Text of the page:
3 Ways To Keep Your Small Business Secure From Cybercriminals

cyber security

AS the world continues to digitalise, the attack surface for cybercrime broadens. 

While headlines shout out stories of major companies being conned out of millions by ‘deep fakes’ and other sophisticated attacks, there are many more untold stories of small and medium enterprises (SMEs) losing their shirts as a result of phishing or ransomware.

At a recent panel hosted by SGtech and Swiss tech company Acronis, industry experts gathered to give their insights into the issues facing SMEs as they undergo digital transformation.

Covid saw a drastic increase in the global volume of cyberattacks. Chief Security Officer of Microsoft Singapore, Dennis Chung, broke down the implications of the current laws of the land regarding SMEs and ransomware. 

“In 2021, 84% of Australian SMEs were victims of at least 1 ransomware attack, of which 51% paid the ransom.”

Chung added: “In response their government passed the ‘Ransomware Action Bill 2022’ to fine SMEs whose ransom funds are found to have funded terrorism or aided money laundering.”

Singapore has since joined the Counter Ransomware Initiative, a 61-nation alliance that seeks to limit ransomware payments, in an effort to starve the cyber criminals of funding, and similar laws have been implemented. Local SMEs that send payments in response to ransomware will be charged with funding such criminals regardless of their victimhood. 

First course of action when subjected to ransomware, says Microsoft’s Chung: “Call your lawyer before taking any actions. Your lawyer will likely ask you, ‘Do you know who you’re paying?’”

Protecting Productivity

Contributing to 70% of employment and 45% of nominal GDP, SMEs are a crucial economic pillar of Singapore’s economy. Yet, while digital transformations of these sprouting enterprises are often discussed, they are infrequently implemented.

Acronis Chief Information Security Officer Kevin Reed explains the extent of the issue. While many headlines read about large ransomware demands in the millions of dollars, that is not a sustainable business model for the cyber criminals.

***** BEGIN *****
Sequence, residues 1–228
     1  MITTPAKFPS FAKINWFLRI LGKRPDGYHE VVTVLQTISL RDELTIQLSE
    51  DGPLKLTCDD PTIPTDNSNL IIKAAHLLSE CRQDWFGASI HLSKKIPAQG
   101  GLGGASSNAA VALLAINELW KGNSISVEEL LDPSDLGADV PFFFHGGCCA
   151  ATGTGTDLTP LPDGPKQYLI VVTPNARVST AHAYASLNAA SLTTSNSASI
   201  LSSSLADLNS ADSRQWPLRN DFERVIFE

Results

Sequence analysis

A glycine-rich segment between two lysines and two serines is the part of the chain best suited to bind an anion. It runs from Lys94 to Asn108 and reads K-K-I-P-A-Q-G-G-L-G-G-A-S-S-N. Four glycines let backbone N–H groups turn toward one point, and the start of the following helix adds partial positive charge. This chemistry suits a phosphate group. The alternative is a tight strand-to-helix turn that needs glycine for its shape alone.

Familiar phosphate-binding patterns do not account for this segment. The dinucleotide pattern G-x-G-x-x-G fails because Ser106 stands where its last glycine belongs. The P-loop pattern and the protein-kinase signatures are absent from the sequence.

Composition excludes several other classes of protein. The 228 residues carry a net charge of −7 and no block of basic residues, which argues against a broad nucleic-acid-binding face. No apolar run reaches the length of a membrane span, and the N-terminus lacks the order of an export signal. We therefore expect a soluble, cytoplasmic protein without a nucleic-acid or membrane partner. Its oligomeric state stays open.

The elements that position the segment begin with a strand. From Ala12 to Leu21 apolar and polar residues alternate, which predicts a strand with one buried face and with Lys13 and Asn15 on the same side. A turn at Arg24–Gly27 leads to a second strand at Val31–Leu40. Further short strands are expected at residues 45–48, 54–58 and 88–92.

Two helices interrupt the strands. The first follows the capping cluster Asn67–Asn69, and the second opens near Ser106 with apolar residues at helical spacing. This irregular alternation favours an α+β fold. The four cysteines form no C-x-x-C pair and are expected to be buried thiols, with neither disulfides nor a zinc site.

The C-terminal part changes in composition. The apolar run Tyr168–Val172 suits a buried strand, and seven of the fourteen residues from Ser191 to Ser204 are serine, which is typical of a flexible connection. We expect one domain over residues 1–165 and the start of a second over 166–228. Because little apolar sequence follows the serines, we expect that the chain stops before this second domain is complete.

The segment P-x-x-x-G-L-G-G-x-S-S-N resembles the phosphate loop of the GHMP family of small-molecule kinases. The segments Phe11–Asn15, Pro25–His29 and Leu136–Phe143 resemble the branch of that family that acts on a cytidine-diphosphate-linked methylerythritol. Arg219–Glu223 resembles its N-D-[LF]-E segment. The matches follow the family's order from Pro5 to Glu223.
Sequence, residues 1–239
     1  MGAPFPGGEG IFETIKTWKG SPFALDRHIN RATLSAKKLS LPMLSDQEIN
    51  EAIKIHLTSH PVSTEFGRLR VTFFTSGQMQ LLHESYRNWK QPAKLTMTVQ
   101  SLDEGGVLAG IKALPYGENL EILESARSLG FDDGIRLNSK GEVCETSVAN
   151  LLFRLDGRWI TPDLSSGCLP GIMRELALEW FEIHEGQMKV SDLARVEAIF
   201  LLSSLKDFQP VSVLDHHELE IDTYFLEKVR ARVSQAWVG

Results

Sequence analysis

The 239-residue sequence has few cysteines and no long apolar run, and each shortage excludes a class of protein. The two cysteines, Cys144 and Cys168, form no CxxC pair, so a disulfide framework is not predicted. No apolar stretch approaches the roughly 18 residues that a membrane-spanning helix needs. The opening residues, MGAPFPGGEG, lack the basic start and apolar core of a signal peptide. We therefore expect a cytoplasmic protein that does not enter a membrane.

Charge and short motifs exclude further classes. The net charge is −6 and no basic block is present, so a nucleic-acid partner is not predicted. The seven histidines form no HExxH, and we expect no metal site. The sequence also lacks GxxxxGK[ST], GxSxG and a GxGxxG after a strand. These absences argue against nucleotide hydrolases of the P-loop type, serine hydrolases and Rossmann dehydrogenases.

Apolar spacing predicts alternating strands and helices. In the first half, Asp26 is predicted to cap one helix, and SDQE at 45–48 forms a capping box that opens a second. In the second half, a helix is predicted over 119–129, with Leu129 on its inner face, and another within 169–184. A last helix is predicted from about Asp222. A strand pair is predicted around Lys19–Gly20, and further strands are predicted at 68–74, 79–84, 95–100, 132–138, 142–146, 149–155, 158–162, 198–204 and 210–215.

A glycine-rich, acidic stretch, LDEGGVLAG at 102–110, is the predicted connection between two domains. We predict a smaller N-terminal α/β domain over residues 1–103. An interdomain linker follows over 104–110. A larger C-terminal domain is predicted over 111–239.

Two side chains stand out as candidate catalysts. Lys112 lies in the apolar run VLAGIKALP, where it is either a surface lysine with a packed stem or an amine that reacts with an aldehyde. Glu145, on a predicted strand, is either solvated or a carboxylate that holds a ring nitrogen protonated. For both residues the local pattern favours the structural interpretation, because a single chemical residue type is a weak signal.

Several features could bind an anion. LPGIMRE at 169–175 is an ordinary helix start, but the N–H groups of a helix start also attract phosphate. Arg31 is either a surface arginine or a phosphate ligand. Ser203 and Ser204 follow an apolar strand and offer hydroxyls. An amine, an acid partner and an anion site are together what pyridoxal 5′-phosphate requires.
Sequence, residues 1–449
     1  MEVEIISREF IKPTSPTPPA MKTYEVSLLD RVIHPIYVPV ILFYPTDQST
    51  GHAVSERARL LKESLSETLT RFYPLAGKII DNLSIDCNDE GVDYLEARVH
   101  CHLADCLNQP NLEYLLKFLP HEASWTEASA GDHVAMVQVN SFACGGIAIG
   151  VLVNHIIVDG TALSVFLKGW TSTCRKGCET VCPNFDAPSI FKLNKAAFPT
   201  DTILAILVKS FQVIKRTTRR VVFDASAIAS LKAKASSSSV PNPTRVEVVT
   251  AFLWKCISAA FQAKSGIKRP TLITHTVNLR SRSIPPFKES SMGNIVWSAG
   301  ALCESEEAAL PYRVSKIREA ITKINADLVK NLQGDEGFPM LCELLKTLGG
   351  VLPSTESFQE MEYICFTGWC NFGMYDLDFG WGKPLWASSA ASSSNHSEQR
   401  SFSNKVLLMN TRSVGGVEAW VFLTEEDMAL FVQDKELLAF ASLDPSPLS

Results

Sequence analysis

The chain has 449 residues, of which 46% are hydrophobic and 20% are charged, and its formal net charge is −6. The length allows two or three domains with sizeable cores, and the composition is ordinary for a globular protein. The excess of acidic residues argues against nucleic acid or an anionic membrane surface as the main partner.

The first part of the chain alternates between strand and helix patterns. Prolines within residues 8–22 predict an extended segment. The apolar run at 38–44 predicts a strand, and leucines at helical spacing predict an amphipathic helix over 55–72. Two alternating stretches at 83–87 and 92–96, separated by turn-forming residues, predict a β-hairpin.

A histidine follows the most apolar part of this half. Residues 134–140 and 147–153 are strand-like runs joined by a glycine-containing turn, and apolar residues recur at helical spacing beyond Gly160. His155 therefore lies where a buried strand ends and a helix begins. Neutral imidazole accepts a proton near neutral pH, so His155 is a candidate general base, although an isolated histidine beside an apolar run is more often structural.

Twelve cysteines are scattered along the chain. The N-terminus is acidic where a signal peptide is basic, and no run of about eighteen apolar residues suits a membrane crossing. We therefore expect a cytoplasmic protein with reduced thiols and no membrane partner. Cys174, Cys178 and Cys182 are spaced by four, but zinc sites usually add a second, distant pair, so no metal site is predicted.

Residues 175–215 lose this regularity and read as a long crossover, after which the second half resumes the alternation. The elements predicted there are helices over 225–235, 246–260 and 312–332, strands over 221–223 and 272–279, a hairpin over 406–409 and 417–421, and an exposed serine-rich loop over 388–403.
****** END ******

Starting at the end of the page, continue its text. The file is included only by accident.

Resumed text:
cyber security

“The size of an average SME ransom is around US$2,000 (S$2,700).”

While this may seem insignificant, many small companies can be crushed by the after effects of a ransomware demand. Whether it be leaked data, further demands by cybercriminals, the resulting loss of confidence in the business when customers find out, or the legal implications of trying to pay your way out of trouble.

If financial and potential data losses due to ransomware attacks alone are enough to shut down many small businesses, then consequent fines may put the nail in the proverbial coffin. 

Unlike larger organisations, for SMEs the loss of client and industry trust after experiencing such incidences may be impossible to come back from. 

Sound security practices are no longer ‘nice to haves’, but ‘must haves’.

Many SME owners are unsure of how to begin their digitalisation journey. Fear of additional costs discourages many from embarking on this process altogether, and, for others, cybersecurity may seem a trivial facet of business operations.

Protection is not prohibitively expensive for smaller concerns. Monthly subscription services and government grants such as the Digital Acceleration Grant and Productivity Solutions Grant can help ease the burden on the cashflow of an SME seeking professional advice.

Tailored Solutions